Andrew Downs, Director of the Mike Downs Center for Indiana Politics at IPFW.
Credit Courtesy / Andrew Downs

In the past month, you may have heard or read the StateImpact story about the Indiana House Republican Caucus’ legislative priorities for the upcoming session.  One of the items that caught people’s attention was that the Republican Caucus wants to “fix” the K-12 school funding formula by reducing the gap between the highest and lowest funded districts.   According to the Indianapolis Business Journal, the highest funded district receives more than $9,500 per student and the lowest receives approximately $5,500.

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Opinion - Politics
4:57 pm
Thu September 25, 2014

Allen County Executive Vote is Direct Democracy in Action

Andrew Downs, Director of the Mike Downs Center for Indiana Politics at IPFW.
Credit Courtesy / Andrew Downs

In the late 1800s and early 1900s, many states added elements of direct democracy that enabled voters to have a direct say in what might become law, how public money would be spent, and recalling elected officials from office. 

Indiana did not add many of these elements which is why many voters may not be able to remember ever actually voting on anything like these. 

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Opinion - Politics
5:30 pm
Wed July 30, 2014

How Regulation Can Build Community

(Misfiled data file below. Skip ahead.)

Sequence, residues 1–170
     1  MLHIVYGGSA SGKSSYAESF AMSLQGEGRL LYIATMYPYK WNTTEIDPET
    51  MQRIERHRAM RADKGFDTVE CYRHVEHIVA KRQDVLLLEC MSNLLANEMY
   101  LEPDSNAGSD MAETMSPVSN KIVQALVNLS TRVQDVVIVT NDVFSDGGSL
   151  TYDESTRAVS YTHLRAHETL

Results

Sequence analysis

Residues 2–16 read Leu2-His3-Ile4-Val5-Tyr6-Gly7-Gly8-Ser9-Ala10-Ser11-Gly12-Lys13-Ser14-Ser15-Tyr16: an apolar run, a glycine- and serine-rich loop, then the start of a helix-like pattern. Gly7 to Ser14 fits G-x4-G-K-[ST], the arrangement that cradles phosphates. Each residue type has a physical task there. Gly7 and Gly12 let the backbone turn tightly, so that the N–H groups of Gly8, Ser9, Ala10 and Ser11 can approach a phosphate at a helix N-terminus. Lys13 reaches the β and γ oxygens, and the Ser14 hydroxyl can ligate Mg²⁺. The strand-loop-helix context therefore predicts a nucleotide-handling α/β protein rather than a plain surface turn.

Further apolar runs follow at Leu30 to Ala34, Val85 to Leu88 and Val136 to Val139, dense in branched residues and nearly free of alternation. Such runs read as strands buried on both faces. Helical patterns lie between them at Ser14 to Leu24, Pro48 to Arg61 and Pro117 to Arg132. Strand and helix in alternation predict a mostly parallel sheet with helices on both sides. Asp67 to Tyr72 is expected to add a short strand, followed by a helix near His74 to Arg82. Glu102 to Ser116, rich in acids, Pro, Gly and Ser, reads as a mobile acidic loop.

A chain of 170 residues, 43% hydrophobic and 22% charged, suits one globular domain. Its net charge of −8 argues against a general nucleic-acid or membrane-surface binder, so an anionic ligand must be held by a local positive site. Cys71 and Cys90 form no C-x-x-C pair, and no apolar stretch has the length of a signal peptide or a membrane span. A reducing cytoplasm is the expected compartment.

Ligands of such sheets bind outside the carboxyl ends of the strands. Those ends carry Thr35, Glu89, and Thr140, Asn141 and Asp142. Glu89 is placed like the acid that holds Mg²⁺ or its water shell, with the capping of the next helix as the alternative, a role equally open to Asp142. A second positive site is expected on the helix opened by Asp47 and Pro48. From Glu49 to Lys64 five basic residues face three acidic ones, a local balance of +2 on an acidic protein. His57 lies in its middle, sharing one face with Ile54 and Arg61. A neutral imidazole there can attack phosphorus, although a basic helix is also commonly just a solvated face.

Andrew Downs, Director of the Mike Downs Center for Indiana Politics at IPFW.
Credit Courtesy / Andrew Downs

Bloomington, Ind., recently adopted an ordinance that requires all chain businesses to meet a visual standard.  The visual standard means that chain businesses such as restaurants and retail outlets most likely will not be able to build their usual buildings or modify buildings to look like their usual buildings.  Instead, the businesses will have to complement the architecture, façade, scale, and signage of their neighbors.  The ordinance applies only to downtown and an area west of the Indiana University campus. 

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Opinion - Politics
6:16 pm
Thu June 26, 2014

They Gathered in Indy to Talk About What?

Andrew Downs, Director of the Mike Downs Center for Indiana Politics at IPFW.
Credit Courtesy / Andrew Downs

A recent episode of WBOI Presents featured IPFW historian Jeffrey Malanson and political scientist Mike Wolf discussing the two ways the United States Constitution can be amended according to Article V.  One of the methods has been used 27 times.  The other has never been used. 

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Politics & Government
3:50 pm
Mon June 16, 2014

WBOI Presents: The Mount Vernon Assembly and Constitutional Amendments

Ind. Sen. David Long addresses a meeting of The Mount Vernon Assembly, which met in Indianapolis this month.
Credit Andrew Downs / for WBOI News

A group of state legislators from around the United States met June 12th and 13th at the Indiana Statehouse to discuss an idea that's never been tested: a convention of the states aimed at amending the U.S. Constitution.